[Openmcl-devel] ccl manual (was Re: trace on recursive functions)
psismondi at arqux.com
Mon Dec 14 21:13:15 UTC 2009
On 2009-12-14, at 1:48 PM, Ron Garret wrote:
> On Dec 14, 2009, at 10:31 AM, Brian Mastenbrook wrote:
>> On 12/14/2009 12:06 PM, Ron Garret wrote:
>>> On Dec 14, 2009, at 9:13 AM, Brian Mastenbrook wrote:
>>>> On 12/13/2009 7:33 PM, Ron Garret wrote:
>>>>> On Dec 13, 2009, at 12:30 PM, Brian Mastenbrook wrote:
>>>>>> I personally find editing text in S-Expressions to be incredibly
>>>>>> cumbersome. Quite a lot of my code is mixed XML/S-Expressions
>>>>>> done with
>>>>>> a reader macro that allows me to write things like (<a
>>>>>> "Text!"), and while this works for layout in web applications
>>>>>> I'd go mad
>>>>>> trying to read things like "This is a bit of text that has
>>>>>> and \"\\"\" (backslashes) in it".
>>>>> Then I have good news for you too. There is another cool new
>>>>> technology called Unicode, which gives you access to additional
>>>>> characters beyond those in the traditional ASCII repertoire. In
>>>>> particular, Unicode gives you access to a number of different
>>>>> styles of balanced quotation marks. Balanced quotation marks
>>>>> can be nested, and also allow one level of traditional
>>>>> unbalanced quotes to be contained, all without any escape
>>>>> characters. e.g.
>>>>> «Balanced quotes can be «nested» and can contain "unbalanced
>>>>> quotation marks" without any escape characters.»
>>>> Clearly for a documentation-oriented wiki, there will be a need
>>>> to use the standard quotation marks that Common Lisp uses. Your
>>>> funny Unicode quotations are just constituent characters to the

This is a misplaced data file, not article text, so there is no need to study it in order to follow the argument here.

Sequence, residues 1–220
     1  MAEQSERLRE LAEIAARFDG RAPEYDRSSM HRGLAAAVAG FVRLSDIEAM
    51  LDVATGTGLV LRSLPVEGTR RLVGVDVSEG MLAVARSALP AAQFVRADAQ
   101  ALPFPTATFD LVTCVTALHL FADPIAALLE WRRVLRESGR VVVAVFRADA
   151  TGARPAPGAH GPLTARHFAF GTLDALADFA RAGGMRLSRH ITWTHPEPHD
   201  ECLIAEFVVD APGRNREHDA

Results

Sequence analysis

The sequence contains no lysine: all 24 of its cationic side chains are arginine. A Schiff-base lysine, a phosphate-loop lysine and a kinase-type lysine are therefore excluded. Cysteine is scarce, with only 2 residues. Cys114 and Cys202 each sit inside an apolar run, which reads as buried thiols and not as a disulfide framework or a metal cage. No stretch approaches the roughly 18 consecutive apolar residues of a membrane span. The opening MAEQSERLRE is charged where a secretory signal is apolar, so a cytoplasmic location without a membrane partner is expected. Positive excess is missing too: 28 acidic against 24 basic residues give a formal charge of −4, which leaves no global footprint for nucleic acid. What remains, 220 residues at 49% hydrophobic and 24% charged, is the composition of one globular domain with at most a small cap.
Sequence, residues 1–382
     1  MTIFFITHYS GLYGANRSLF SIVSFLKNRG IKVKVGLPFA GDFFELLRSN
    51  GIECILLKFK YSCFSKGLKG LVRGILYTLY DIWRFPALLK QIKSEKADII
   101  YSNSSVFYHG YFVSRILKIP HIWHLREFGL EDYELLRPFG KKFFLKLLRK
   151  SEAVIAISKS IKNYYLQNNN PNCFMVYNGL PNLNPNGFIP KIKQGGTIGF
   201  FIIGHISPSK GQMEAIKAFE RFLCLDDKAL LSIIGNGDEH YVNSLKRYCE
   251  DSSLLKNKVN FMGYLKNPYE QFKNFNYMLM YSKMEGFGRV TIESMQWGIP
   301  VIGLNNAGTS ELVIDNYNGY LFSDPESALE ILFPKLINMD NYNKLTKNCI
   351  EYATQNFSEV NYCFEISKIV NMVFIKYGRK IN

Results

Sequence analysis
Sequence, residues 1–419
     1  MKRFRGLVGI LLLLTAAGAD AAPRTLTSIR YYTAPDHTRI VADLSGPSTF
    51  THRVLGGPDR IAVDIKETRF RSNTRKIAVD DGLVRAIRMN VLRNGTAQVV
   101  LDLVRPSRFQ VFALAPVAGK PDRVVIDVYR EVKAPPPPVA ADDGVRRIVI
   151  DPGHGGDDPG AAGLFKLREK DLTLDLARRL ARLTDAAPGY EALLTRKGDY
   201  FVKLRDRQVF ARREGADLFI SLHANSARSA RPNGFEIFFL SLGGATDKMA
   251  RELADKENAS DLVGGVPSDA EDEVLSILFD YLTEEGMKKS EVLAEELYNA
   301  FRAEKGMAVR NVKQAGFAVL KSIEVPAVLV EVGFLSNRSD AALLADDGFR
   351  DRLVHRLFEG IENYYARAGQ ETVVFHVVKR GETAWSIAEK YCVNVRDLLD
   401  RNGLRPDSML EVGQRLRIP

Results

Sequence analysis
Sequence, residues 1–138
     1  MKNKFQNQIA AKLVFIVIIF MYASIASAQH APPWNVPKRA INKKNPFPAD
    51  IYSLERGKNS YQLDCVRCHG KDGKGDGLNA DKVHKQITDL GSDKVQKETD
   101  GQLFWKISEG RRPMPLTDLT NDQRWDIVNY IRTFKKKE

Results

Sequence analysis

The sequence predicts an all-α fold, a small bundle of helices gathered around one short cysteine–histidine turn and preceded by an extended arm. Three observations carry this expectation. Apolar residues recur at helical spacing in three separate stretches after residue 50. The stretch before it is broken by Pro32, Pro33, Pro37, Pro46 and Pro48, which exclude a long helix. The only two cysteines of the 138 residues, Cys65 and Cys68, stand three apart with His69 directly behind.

>>>> default reader.
>>> Guess what! More good news! (One of these days you are going to
>>> notice a pattern developing here.) You can actually *change* the
>>> Lisp reader! Yourself! Easily!
>> Yes, and if you change it enough you'll basically wind up with a
>> reader that's customized to writing documentation. Which is exactly
>> what the @-reader in PLT's Scribble is, which is why I pointed it
>> The point is that you've now gone from very simple sexps to a
>> custom syntax that also happens to require me to change system
>> settings in order to be able to edit it efficiently (since I assume
>> the custom quotes will be used for all text in this documentation
>> format; you can't very well document how to use CL strings using a
>> non-standard reader).
>> You would do well to assume that I'm not an ignoramus. I am well
>> versed in this wonderful Unicode and Common Lisp stuff. I am
>> pointing out these problems because your solutions are just as
>> complicated as the solution of using a format where text is
>> unquoted and meta-information is escaped, with the added bonus of
>> not shifting the burden of figuring out how to insert quotes onto
>> the user and their level of familiarity with how to edit plists or
>> whatever's required to make this convenient on other platforms.
> No, my solution is not "just as complicated." My solution has one
> very small startup cost which then pays dividends over a very long
> period of time. Furthermore, my solution would serve as a showcase
> for what makes Lisp different and unique. And finally, we're
> talking about writing documentation here. If we can't document the
> process of editing keybindings well enough to serve the target
> audience we're talking about here then we may as well just pack our
> bags and go home.
> If we're not going to take advantage of Lisp's unique features to
> solve our own problems how are we ever going to convince anyone else
> that Lisp can solve their problems? What are we even doing here?
> Openmcl-devel mailing list
> Openmcl-devel at clozure.com
Ron - does the usefulness of Lisp really imply that one should re-do
markup languages using it? Perhaps SGML and XML are ugly and sub-
optimal. So, I guess, is HTML. But there is a wealth of new problems
to solve (with Lisp!) without rolling our own that area.
I'm a recent convert to Lisp. I think it will solve lots of my
problems, once I am reasonably adept with it. But not ALL of my
problems. I am willing to bite the bullet and go with the crowd on
some things, like markup.
It's near xmas - maybe Erik Naggum (rest in peace, Erik) will appear
to chastise me for my idiocy. But I'm ok with a certain amount of
cruft, if it sorta works and I can move on to other things.
- Philippe -
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